Bombs hidden in plastic bags near a falafel stand exploded at a market in a mainly Shiite area in Baghdad on Sunday, killing at least eight civilians and wounding 21, Iraqi officials said. It was the latest in a series of bombings targeting Shiites and minorities in the capital and northern Iraq.
The U.S. military has said insurgents are trying to re-ignite sectarian bloodshed that pushed the country to the brink of civil war but Shiites so far have shown restraint.
The bags packed with explosives were left among a pile of garbage and exploded shortly before 8 p.m. as the district was crowded with people enjoying the evening.
Several nearby stores were also damaged, according to police and hospital officials, who spoke on condition of anonymity because they weren't authorized to release the information. Five children were among the wounded, they said.
The spike in violence follows the June 30 withdrawal of American troops from urban areas, heightening concerns about the ability of Iraqi forces to protect the people. Political tensions have also risen further as the country prepares for national elections scheduled for January.
Violence has fluctuated throughout the year, but the intense period of bombings in recent days has indicated a more sustained effort, with nearly 160 people killed in blasts since Aug. 7.
Raad Nasir, 26, owns a cell phone store in the area and was on his way to the falafel stand when the blast occurred.
"After I saw the horrible scene, I rushed home," he said. "We were starting to be happy that our area was safe and not like before, but now the terrorists have resumed their cowardly crimes against civilians."
Mindful of the fears, the Iraqi government announced Sunday that it has indefinitely postponed a nationwide census after warnings that it could stoke ethnic and political tension.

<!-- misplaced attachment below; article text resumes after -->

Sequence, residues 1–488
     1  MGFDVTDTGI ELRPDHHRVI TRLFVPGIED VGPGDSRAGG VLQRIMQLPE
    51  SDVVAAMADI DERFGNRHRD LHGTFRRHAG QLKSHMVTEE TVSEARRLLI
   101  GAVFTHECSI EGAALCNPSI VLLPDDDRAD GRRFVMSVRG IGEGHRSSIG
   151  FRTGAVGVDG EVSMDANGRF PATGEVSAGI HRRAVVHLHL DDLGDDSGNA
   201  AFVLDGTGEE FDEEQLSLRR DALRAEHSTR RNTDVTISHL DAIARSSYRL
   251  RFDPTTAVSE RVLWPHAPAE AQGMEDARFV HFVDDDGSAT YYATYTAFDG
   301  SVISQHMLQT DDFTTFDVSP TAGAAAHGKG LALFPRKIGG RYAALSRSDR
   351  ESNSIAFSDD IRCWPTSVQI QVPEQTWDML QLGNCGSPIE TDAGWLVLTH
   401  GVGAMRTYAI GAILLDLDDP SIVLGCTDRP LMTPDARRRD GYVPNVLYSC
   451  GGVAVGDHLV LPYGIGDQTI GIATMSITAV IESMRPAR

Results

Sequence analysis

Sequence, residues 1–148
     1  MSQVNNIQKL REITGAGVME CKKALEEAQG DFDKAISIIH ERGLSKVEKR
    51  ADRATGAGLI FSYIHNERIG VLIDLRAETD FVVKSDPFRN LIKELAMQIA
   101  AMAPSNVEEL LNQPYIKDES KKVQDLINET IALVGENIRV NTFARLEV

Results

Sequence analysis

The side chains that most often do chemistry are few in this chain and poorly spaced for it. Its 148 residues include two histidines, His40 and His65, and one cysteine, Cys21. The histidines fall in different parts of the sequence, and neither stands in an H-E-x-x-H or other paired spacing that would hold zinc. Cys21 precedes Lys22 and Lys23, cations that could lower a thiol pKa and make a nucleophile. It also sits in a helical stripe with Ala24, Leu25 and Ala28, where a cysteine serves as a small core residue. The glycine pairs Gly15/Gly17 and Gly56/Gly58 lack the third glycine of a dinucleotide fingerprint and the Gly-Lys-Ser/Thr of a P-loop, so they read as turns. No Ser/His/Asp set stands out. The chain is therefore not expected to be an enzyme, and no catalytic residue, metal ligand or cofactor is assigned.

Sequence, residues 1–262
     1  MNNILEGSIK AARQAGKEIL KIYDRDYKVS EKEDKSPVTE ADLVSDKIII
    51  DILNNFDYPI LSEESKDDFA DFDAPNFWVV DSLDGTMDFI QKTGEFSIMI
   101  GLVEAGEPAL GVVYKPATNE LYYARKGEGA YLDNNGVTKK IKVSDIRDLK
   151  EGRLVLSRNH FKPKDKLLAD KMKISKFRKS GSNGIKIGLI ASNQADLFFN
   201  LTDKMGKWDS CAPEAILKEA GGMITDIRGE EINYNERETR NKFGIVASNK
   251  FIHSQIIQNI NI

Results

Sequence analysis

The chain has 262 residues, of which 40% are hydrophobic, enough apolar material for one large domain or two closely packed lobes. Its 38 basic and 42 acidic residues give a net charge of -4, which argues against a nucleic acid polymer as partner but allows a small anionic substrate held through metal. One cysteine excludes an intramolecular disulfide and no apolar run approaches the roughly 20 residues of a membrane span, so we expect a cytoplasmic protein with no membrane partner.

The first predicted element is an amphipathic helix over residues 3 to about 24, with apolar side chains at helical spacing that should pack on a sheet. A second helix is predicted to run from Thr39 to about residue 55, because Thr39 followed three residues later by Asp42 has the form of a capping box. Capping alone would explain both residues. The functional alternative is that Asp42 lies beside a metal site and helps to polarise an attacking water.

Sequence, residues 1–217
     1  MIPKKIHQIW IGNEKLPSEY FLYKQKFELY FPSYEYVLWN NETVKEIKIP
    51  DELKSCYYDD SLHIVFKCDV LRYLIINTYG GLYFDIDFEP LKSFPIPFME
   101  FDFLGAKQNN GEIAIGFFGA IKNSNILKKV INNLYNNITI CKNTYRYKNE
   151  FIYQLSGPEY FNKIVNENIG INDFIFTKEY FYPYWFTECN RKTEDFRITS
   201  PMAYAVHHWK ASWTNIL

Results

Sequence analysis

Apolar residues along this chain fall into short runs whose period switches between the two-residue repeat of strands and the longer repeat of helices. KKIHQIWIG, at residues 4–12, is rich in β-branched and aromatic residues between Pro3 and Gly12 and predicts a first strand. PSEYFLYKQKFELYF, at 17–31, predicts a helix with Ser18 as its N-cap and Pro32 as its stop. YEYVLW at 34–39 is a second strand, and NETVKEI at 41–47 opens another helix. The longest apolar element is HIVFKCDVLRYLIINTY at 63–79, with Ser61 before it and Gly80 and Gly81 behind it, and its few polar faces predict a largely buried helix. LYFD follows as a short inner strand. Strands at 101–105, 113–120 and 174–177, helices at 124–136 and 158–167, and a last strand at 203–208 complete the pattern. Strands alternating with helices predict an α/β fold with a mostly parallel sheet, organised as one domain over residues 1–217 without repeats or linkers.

The population count, which had been scheduled for Oct. 24, would have settled controversies over the size of the country's religious and ethnic communities. It also had implications for decisions over the fate of the oil-rich area of Kirkuk as well as the budget allocation for the self-ruled Kurdish region in the north.
"The Planning Ministry is technically ready for the census, but after hearing some fears and reservations from political groups in Kirkuk and Ninevah, we decided to stall and the census has been postponed indefinitely," Planning Minister Ali Baban told reporters during a visit to the Shiite holy city of Najaf.
Many lawmakers had called for it to be postponed until after January's parliamentary elections, arguing that war has caused radical change in the sectarian makeup of many areas and the results could ignite new tension.
After decades of repression, Iraq's majority Shiites rose to power with the 2003 fall of Saddam Hussein after the U.S. invasion. Much of the insurgency that followed was driven by the once-dominant Sunnis, who felt disenfranchised. Militants from both communities drove the country to the brink of civil war in 2006 and 2007.
That bloodshed has ebbed, but U.S. commanders have warned that Arab-Kurdish tensions over land and oil in northern Iraq could provoke a new round of violence.
Sunni lawmaker Osama al-Nujaifi, whose brother Atheel is the provincial governor of Ninevah province, noted that large numbers of Kurds had moved into the Kirkuk area, raising Arab concerns that they seek to take control.
The census results also would have determined the Kurds' fair share of the national budget.
Iraq's government has allocated about 17 percent of its budget for the Kurds since Saddam's fall, based on the assumption that the figure reflects their percentage of Iraq's population.
But some Shiite and Sunni politicians claim Kurds should be cut back to about 14 percent. After much haggling, the Kurds held onto their 17 percent of the 2009 budget, pending the census.
It would have been the first nationwide census since 1987. A count conducted 10 years later excluded the three province that comprise the Kurdish region. The 1997 census put the country's population at more than 26 million.
Associated Press Writer Mazin Yahya contributed to this report.
Source: AP News